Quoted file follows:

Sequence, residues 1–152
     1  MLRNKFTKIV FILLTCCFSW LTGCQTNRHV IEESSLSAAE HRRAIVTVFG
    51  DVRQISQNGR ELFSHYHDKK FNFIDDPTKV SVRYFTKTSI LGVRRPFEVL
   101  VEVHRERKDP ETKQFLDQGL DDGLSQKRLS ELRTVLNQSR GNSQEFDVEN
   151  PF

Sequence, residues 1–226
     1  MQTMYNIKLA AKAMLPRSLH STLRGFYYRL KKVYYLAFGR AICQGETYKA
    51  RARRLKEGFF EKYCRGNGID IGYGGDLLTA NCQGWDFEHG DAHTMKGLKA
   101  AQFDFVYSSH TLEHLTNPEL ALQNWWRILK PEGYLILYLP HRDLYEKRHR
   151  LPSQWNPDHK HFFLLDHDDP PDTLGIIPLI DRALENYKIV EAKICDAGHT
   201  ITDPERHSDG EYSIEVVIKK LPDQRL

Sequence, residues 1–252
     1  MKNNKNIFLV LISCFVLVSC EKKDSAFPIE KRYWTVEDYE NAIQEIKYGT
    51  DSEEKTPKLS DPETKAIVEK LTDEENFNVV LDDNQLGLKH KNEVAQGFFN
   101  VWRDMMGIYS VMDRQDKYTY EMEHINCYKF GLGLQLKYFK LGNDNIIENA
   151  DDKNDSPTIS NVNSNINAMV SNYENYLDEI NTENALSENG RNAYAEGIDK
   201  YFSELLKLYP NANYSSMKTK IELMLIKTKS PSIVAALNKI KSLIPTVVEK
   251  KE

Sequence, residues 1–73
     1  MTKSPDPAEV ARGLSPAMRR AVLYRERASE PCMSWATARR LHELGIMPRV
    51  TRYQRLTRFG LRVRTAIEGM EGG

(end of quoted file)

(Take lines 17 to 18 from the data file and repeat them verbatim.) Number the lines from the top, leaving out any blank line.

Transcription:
   201  YFSELLKLYP NANYSSMKTK IELMLIKTKS PSIVAALNKI KSLIPTVVEK
   251  KE